Like many of you I have been sitting on the sidelines, trying to learn as much as I can by reading about others’ experiences in real estate investing. My husband and I plan to jump into the market as soon as we see a deal where we can make money. Given the hot market we are in (Eastern MA), finding properties at a discount is tough. I have seen a few that I feel are good deals, however, we are at a loss as to the type of property to start our portfolio with.
A little about our situation. My husband and I both work full time and have great credit scores. We own our own home, which we bought in Oct 04. I am an attorney (although non practicing) and my husband is an engineer by trade and is incredibily handy.
Given our situation…we are at a loss for what type of property to begin our portfolio with. I am inclined to start with a rental property to generate a positive cash flow. Which is difficult, but not impossible. Given rental rates in the area we are looking, after tax, rent loss, insurance, maintainace etc., we could generate a positive cash flow between $250-$500 a month depending on the house and rent rate. MA has strict tenant laws, but I am familar with all the loopholes and could handle any legal issues myself.
Our second option would be to find a rehab property below FMV and invest some sweat equity to flip the property. In this market these properties go fast. I look at MLS everyday and have seen a few good deals based on area comps, but they move quickly. Also, having spent the last 5 months rehabbing our own home, I know that whatever turn around time we would anticipate on a rehab, we should expect double. My husband is very handy and can do all of the cosmetic stuff (paint, flooring, general carpentry, light plumbing and electrical). He has some time but not a ton (weekends and one weekday). I don’t mind getting my hands dirty either, but he has the real skills. However, depending on the house we could certainly make out on the deal. Also, we could afford to hold the property if we had to for a period of time. My fear is that the market is going to bottom out at some point in the near future. The market in MA is way over inflated and is due for a correction.
So I thought I would put it out there for the experts. Rehab or rental. Where to start? Any thoughts or comments would be appreciated…
The bottom is going to fall out in MA is a risk that you and every other investor is in fear of. Thats something that you will have to think to yourselves, is it time to do it now? of course it is! REI has been around for a long time! if you invest the correct way, when the bottom DOES fall out, you won’t have anything to worry about, because you will have everything under the fire!
Now for rehab or rental. I personally specialize in both. But my rentals turn into Lease Options. I purchase ugly houses that i can get for 20-40% below retail and I spend the time to make it a pretty house, making a killing off everything I do. Remember. Every 1 dollar you put into the house, You raise the value up in most markets between 3-5 dollars. “Not bad if you ask me”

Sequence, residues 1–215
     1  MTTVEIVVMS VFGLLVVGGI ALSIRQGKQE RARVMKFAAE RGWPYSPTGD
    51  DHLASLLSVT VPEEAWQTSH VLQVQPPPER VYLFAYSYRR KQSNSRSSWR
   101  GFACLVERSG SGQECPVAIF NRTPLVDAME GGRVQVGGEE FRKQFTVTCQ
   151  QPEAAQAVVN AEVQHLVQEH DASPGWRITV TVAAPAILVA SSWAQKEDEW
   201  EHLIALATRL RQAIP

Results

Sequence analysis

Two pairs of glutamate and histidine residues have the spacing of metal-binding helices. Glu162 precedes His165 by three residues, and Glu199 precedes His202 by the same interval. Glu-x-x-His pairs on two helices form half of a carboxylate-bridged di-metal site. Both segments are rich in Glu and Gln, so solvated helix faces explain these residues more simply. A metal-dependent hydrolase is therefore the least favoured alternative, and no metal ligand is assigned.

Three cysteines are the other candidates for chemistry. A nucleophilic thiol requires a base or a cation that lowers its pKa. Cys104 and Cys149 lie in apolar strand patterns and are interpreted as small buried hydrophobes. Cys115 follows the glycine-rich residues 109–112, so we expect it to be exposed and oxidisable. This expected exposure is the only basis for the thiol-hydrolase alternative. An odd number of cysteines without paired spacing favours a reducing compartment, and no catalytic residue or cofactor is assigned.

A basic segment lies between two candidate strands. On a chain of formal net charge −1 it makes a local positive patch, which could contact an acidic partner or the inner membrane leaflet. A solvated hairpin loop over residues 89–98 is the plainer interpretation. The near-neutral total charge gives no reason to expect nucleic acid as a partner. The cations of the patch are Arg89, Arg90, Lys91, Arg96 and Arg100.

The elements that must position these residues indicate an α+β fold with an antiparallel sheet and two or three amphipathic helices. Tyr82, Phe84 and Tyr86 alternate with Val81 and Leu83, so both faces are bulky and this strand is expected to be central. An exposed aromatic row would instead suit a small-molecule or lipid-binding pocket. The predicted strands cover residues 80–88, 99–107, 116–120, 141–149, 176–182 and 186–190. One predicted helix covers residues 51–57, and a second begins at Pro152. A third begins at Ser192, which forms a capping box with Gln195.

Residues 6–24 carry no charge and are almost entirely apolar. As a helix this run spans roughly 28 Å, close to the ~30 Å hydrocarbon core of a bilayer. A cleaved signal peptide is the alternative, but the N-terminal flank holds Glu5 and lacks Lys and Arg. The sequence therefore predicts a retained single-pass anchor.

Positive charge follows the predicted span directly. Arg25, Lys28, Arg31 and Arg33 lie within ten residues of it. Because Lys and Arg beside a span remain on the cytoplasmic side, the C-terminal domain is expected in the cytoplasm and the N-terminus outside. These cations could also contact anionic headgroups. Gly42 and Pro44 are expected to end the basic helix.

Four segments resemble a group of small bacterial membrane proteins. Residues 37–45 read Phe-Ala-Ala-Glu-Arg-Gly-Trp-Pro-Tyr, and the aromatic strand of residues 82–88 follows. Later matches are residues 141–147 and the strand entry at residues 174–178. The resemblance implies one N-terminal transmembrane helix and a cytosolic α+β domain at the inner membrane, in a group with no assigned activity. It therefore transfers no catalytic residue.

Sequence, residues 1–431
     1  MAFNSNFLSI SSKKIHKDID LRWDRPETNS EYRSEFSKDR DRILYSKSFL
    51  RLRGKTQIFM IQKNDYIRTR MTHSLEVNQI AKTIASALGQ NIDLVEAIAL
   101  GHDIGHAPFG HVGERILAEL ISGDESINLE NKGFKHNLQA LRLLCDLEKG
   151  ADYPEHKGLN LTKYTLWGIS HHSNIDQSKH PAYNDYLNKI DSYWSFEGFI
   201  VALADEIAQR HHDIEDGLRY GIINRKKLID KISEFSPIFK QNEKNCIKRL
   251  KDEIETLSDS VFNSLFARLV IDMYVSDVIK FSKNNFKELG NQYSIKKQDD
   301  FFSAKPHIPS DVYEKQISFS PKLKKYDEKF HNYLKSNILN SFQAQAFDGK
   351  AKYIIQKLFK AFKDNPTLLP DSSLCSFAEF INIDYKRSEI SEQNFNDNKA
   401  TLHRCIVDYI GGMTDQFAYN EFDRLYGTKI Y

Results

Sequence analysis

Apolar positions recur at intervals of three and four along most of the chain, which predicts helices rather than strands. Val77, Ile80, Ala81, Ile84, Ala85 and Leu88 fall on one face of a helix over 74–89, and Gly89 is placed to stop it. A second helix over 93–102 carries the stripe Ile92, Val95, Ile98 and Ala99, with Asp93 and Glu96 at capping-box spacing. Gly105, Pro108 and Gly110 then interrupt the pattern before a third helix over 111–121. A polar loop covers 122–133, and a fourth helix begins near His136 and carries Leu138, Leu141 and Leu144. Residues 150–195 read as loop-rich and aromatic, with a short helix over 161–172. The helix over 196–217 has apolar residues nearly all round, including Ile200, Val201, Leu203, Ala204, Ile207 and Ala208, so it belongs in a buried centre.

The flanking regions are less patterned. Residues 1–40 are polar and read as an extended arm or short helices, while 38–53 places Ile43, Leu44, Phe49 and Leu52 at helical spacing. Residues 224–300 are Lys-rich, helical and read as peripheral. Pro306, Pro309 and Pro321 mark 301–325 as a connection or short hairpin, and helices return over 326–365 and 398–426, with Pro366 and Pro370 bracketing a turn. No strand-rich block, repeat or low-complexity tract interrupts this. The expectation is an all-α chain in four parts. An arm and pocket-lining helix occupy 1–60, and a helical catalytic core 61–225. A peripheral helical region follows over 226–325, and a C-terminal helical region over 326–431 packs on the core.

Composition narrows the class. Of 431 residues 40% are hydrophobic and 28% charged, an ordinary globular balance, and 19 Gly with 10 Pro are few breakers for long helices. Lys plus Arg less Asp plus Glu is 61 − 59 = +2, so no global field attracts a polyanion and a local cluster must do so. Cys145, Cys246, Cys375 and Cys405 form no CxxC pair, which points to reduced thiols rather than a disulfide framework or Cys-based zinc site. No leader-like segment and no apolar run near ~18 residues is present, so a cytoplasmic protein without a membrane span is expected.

Than what I do is sell the house w/a Lease Option. This leaving me free from being a landlord! And ontop of that, I get cash flow on the property for a year or two, sometimes more. I get option money up front that is non refundable, than i get the appreciation on the house when the Tenant buyer descides to take advantage of the option.
Freeing me up from being a landlord and time to find another property.
You might not get the LONG term portfolio your looking for, but L/O’s are less of a risk and if the bottom does drop, and i say IF, you won’t have anything to worry about!!!
I have a very simliar background as to you and have been buy houses that need some work and then renting them out. Once you get them fixed up, the maintenance is pretty minimal.
The key is to purchase careful and know a good deal when you see it. While you can purchase places at a discount, the amts. suggested by the othe rposter are not possible in hot market unless you are buying a place with very serious issues and mdoerate to high risk (probably not a great first choice).
As for the market, do you have sufficent resouces to weather some vanacy and perhaps having to cut the rent 20% to get people in there. While a drop or several years of price stagnation are possible, unless you see a major demographic shift taking place in that area (i.e. jobs disappearing; towns getting smaller.
Unlike most people on this board, I always think about if I have to hold a property 5 years to get my return out of it. Sure I have done some short holds of 1 year or so, but rehabbing always takes longer than you think as does selling/finding a buyer at the right price.
As for picking rehabs, don;t pick any old crappy house. Pick one with things you can handle (junk in the yard, horribely outdate kitchen and baths, ugly faded paint) and has “the basics” like great location, good layout, good foundation (thinsg that are very expensive/impossible to fix).